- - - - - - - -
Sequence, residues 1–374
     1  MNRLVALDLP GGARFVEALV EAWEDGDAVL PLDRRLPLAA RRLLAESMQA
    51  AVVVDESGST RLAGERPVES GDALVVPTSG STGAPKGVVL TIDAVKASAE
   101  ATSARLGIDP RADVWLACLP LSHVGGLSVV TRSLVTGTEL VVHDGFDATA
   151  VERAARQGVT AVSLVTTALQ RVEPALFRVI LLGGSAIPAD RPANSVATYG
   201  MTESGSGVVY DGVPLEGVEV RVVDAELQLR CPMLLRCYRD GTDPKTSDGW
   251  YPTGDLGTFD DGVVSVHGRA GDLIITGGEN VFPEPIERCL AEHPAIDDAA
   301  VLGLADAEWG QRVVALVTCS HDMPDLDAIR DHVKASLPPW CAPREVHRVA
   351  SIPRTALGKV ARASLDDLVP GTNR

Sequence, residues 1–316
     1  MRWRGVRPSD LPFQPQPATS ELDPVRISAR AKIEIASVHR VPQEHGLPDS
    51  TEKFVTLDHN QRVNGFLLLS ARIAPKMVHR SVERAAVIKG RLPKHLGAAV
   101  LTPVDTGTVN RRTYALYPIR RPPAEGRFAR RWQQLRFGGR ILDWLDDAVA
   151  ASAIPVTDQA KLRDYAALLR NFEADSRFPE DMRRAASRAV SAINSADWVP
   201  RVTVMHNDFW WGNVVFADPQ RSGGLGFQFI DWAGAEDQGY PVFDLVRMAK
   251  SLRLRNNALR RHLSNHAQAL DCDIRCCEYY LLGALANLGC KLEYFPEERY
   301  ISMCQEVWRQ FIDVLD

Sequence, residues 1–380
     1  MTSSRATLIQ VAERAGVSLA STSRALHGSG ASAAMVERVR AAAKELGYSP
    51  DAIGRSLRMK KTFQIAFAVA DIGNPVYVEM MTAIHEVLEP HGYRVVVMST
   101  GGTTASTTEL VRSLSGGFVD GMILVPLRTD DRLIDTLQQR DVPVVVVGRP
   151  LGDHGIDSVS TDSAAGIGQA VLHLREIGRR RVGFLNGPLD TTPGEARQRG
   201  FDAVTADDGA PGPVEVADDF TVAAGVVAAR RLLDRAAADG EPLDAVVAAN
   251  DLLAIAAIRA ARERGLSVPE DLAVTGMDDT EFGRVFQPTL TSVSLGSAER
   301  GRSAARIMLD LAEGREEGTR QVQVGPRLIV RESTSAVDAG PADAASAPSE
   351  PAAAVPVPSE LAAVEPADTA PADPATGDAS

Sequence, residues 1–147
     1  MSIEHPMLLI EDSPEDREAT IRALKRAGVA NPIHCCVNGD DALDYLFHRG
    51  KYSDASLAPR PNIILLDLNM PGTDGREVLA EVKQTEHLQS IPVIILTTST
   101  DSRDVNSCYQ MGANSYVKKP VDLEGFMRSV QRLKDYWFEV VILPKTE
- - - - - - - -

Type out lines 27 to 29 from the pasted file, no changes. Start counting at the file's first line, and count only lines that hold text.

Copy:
Sequence, residues 1–147
     1  MSIEHPMLLI EDSPEDREAT IRALKRAGVA NPIHCCVNGD DALDYLFHRG
    51  KYSDASLAPR PNIILLDLNM PGTDGREVLA EVKQTEHLQS IPVIILTTST